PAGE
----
Analysis of modern segregation requires the analysis of the lingering effects of historical segregation. I have to remind readers that there were periods when African Americans collectively flourished, were self-reliant and operated successful black communities before being violently destroyed both physically and systemically by white supremacists. Before the European Slave Trade, Africans of the Diaspora lived in societies where they flourished as educators, doctors, engineers, mathematicians and governed complex political systems. Domestically, African Americans have also flourished. Examples include East St. Louis before 1917, Chicago before 1919 and Tulsa’s Black Wall Street, just to name a few. This was approximately 33 years before Brown vs. Board of Educationruled that racial segregation in public schools was unconstitutional.

Between the period of 1890-1960 realtors, politicians, bankers and white community members went to great lengths to maintain culturally homogenous communities. Some examples include banks redlining to prevent black owners from accessing home loans, GI and FHA home loans unfairly distributed after World War II, homesteading; poor distribution of land before and after the Civil War, sundown towns in Wisconsin before and well after the Civil War where white community members enforced laws, intimidation and enacted violence as comparable, if not harsher than Jim Crow southern states. These few examples can be tied to contemporary “isms” we see in institutions in terms of equity gaps. When we review these gaps in equity compared by different social identifiers, we have to know that these achievement/access gaps are not natural happenings. It’s not by chance that white folk live in highly concentrated communities that are culturally homogenous. It’s not by chance that schools in urban, rural and suburban areas are still fairly culturally homogenous. These are direct results of the aforementioned efforts of segregation. The segregation methods mentioned above continue to reinforce racial polarization. The distance between affirming humanity and supporting efforts to address these social issues are widening without proper education and action to address these happenings.

 

  • Can you define de facto segregation? Do college campuses see de facto segregation?

I had to check in with a few colleagues to make sure I understood de facto segregation. I’ve never had this language for it, but it is my understanding that it is separation even when laws do not mandate it. I’ve listed some examples above that would be labeled as de jure segregation, but I also see a lot of crossover of the two due to lingering effects over time and new manifestations of segregation.

I absolutely believe college campuses see de facto segregation. While black and brown students clearly do not make up the majority of Midwestern colleges and universities, they still bear the burden of the misguided imaginations. Some believe black and brown students are the reason their children are not admitted to colleges, claiming that black and brown students are only admitted due to affirmative action, special admission processes, admittance solely for athletics and free college attendance. These people are often surprised by black and brown brilliance that is constantly on display. Students bare these resentment in subtle and overt ways. Resentment may look like struggling to find a partner during group projects, not being directed to high impact experiences based on discretionary decisions that are misguided and/or being outright  disrespected. I would go as far to extend this to black and brown faculty, staff and community members. The surprise and fairly mild response over the recent admission bribery scandal only highlights the hypocrisy/double-standard applied to different social groups. An additional example may be the lack of inclusion, awareness and acceptance of undocumented students, as well as accessible college information and financial support to make up for students who aren’t eligible for FAFSA, Pell Grants, and/or other federal work-study.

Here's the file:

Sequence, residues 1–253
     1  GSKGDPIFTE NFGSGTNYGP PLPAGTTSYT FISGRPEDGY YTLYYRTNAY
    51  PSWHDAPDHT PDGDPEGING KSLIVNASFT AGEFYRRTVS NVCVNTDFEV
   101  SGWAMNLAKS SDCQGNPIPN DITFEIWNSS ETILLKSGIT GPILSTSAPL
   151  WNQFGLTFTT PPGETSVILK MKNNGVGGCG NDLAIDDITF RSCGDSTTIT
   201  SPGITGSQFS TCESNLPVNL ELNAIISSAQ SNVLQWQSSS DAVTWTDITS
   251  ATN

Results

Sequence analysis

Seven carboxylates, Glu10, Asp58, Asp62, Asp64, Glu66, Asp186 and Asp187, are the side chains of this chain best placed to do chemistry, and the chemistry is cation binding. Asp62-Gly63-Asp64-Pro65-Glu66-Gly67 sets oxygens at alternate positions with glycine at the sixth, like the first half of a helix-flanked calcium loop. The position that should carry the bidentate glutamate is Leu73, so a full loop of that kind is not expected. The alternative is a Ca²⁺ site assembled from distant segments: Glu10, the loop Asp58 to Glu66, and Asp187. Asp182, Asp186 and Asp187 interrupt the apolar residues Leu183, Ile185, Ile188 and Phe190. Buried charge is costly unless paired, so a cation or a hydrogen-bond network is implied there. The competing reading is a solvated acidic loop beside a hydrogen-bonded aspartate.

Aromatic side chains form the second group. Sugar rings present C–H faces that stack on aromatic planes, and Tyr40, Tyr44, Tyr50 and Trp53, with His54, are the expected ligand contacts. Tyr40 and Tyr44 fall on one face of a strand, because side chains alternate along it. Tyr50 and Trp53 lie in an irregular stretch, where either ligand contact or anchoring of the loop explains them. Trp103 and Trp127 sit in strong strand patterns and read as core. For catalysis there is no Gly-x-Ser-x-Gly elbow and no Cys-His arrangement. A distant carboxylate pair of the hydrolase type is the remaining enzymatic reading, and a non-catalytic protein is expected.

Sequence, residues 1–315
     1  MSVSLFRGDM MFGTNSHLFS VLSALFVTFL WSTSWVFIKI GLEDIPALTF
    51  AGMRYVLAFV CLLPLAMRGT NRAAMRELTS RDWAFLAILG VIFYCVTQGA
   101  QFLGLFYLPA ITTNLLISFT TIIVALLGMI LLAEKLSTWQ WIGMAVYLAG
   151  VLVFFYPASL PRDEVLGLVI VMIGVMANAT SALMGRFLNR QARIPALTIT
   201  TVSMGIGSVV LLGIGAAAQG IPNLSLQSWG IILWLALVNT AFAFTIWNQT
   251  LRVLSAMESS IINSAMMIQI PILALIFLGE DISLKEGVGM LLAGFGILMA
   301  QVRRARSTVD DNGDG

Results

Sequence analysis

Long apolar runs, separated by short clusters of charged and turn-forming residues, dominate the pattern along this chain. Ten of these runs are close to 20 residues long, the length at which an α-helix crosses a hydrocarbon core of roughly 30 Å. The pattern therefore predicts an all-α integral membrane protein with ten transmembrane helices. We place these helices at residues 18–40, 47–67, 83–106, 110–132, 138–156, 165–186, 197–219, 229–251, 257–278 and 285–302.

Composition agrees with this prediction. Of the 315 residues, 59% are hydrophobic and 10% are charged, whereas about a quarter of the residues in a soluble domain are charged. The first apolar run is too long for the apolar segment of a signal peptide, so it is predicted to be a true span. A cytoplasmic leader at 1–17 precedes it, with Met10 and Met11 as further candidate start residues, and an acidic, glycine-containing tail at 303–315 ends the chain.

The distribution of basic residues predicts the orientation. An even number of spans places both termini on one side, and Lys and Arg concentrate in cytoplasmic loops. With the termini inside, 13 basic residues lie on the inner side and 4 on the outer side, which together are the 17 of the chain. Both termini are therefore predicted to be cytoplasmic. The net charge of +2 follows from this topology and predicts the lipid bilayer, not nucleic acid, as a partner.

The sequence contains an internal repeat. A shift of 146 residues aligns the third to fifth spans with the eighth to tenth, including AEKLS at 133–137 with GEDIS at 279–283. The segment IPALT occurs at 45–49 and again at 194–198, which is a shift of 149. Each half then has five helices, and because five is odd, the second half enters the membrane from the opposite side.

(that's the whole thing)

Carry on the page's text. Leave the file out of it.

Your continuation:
• As a community, what can colleges do to improve campus climate?

I think the Campus Climate Department and campus partners have been great in helping to craft a fairly thorough strategic plan for 2018-2024. This department has also been integral in providing educational, cultural services and trainings around numerous diversity topics and leverage various campus entities to be doing the same. I think we have to continue to leverage the voices of many and continue to be proactive in our approach for maintaining a welcoming and affirming campus.

My general feedback would include:

  • We have to fight the urge of saying and embodying the mindset of “I’m not surprised when XYZ happened”. We have to continue to be surprised and act compassionately when we see bias, hate, “isms”, etc. play out. We must fight the urge to become desensitized to varied issues because the stakes are too high.
  • Preaching to the choir is not always preaching to the choir. We have to continue to educate ourselves and hold even the most well-meaning folks accountable for addressing complex issues.
  • I’ll modify this one to fit my point. I forget who said it first, but we are all in some shape or form responsible for the dismantling and/or supporting the thrive of segregation. If not us directly, we all know the bad seeds that are slightly racist, or say mean things from time to time, or enact exclusionary practices. We let this person be because, that’s just John Doe being John Doe. We all have the responsibility to challenge these folks as well.
  • We have to acknowledge the work of social justice is daunting, but absolutely necessary for all people to live full, equal, and dignified lives. DeRay Mckesson said it best: “We are fighting for a society that no one has personally seen.”